What could be better than summer? How about two summer holidays that bring family and friends together?
Make Dad's Day Special
Starting around 1910, some towns and cities across America began celebrating "father's day." By 1966 the third Sunday of June was officially proclaimed a national holiday.
Here are some fun activities Dad will love on his big day:
Play "Goofy Golf"
In this game of miniature golf, the kids must be creative with the clubs, balls and holes. For example, at the first hole, have the golfers use broomsticks to hit oranges onto plates. At the second hole, let the kids use baseball bats to hit walnuts into tipped-over shoes.
Design commemorative T-shirts
Have kids and Dads use felt-tip pens, paints and decals to make their own keepsake T-shirts based on a favorite shared activity, such as fishing or bowling. Be sure to have them include the date, scores, number of fish caught, or anything else that's significant to the big day. If Dad doesn't fish or bowl, the T-shirts could commemorate Father's Day or any other event they remember fondly together.
With the kids, make something yummy
Is Dad an early riser? Make Golden Sunrise French Toast [link to ttp://www.verybestbaking.com/recipes/142102/Golden-Sunrise-French-Toast/detail.aspx] and serve him breakfast in bed. Does he have a sweet tooth? Rocky Road Squares are just the thing. Is he a meat-and-potatoes kind of guy? Then he’ll love Potato Bacon Casserole
Show your pride on the Fourth of July
Independence Day commemorates the signing of the Declaration of Independence by the Continental Congress on July 4, 1776, in Philadelphia, Pennsylvania. A Fourth of July celebration is a summertime tradition all across America.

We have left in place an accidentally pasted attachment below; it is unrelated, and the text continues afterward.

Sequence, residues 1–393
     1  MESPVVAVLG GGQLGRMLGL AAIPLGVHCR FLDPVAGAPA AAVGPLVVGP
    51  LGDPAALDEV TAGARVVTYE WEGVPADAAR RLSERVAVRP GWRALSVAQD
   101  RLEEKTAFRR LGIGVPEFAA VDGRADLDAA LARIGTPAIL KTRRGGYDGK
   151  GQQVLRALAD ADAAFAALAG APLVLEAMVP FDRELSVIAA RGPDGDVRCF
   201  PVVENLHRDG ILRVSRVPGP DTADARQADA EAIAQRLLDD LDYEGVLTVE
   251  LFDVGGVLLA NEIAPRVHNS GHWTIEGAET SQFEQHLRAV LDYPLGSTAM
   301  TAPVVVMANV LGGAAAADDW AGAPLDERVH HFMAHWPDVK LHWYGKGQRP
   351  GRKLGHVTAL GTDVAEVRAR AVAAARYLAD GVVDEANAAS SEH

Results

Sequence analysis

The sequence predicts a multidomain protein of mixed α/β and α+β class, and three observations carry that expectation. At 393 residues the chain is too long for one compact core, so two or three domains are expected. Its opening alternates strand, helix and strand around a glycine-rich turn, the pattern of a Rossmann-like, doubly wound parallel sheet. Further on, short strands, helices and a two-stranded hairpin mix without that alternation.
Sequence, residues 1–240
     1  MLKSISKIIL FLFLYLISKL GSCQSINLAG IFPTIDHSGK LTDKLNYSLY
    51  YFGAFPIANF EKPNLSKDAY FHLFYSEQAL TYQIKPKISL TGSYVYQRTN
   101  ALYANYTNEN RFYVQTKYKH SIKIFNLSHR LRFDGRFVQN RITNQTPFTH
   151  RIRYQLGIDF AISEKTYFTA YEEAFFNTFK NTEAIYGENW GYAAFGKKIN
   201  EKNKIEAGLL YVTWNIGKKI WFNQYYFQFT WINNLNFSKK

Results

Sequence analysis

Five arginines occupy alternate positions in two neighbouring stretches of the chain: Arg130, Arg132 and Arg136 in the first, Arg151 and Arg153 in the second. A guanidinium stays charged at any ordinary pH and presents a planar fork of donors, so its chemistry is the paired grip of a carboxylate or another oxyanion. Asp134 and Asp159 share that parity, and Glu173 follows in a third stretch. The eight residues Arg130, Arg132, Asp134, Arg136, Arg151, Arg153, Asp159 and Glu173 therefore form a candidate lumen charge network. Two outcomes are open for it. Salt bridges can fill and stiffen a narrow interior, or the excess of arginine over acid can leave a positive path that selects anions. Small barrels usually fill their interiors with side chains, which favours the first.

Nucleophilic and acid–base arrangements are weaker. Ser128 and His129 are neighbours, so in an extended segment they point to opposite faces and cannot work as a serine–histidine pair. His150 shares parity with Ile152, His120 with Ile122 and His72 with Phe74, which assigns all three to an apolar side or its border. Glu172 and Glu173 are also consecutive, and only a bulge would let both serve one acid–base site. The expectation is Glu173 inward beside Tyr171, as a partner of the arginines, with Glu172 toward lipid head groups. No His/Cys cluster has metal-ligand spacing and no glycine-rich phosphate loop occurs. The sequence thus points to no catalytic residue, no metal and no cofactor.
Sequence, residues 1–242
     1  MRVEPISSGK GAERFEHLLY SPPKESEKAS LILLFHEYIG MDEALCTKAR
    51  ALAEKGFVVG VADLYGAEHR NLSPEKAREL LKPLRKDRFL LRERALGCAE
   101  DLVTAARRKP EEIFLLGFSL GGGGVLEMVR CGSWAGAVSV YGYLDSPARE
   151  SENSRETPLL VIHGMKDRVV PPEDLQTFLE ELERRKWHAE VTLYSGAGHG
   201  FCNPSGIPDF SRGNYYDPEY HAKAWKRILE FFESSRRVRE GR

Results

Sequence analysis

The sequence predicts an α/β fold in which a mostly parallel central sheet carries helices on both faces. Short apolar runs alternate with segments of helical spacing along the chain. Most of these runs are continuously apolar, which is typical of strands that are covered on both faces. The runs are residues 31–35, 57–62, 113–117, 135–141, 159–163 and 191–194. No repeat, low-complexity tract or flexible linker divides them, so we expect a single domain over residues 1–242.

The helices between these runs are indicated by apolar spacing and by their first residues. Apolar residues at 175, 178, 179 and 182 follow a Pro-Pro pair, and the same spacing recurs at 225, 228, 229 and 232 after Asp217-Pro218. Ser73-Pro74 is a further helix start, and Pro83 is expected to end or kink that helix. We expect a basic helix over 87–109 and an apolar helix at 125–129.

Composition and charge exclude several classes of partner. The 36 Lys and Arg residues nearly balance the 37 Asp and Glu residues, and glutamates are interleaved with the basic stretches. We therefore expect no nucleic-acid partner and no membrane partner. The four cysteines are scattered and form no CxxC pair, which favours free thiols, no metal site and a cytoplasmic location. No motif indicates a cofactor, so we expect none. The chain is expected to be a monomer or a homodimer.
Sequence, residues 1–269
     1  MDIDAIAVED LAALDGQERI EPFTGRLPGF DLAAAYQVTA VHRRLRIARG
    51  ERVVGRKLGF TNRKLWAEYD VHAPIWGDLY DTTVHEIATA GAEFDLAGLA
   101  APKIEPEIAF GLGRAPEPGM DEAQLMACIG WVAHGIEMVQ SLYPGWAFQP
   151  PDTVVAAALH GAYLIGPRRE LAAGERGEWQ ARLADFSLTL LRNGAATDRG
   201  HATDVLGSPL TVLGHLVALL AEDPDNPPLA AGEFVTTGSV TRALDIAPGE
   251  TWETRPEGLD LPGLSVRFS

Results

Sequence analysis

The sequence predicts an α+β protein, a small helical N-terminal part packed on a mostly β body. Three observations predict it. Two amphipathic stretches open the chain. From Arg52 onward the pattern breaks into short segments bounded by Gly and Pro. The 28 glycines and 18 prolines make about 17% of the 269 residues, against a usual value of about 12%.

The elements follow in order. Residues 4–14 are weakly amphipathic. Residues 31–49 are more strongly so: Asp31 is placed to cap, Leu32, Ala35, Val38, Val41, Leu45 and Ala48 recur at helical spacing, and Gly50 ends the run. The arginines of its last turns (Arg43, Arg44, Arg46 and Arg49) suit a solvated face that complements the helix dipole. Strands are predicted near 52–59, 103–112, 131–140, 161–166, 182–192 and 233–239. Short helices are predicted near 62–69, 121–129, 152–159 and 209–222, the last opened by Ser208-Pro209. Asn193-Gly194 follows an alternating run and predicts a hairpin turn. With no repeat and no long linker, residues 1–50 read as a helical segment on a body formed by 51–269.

Here are some fun ways to commemorate the big day:
Make Fourth of July "cracker" invitations
These are an amusing take-off on both English Christmas "crackers" and Independence Day firecrackers. Write your party details on small cards. Stuff the cards inside paper tubes decorated with red and white stripes, and wrap the tubes with crepe paper. Tie off the ends with ribbon, and fringe the "extra" crepe with scissors. Mail the whole thing in a cardboard tube, or hand-deliver. Sprinkle star confetti inside. Stick stars on the envelope.
Stick small American flags everywhere -- even in hunks of cheese, cakes and pies. Swag red, white and blue crepe paper streamers around your room or your patio. String red, white and blue lights on bushes and trees in the backyard. Cover tables with patriotic paper tablecloths, or buy inexpensive fabric in red, white, and blue and make your own tablecloths. Play John Philip Sousa marching tapes for background music.
Declare that fun is our right
Give kids copies of the Declaration of Independence and let them add their own signatures. Show them how to use feather quills as pens. Or, play old-fashioned games such as three-legged races and wheelbarrow races. Even better, play tug-of-war with one side as colonists and one side as British "red-coats" and see who comes out on top.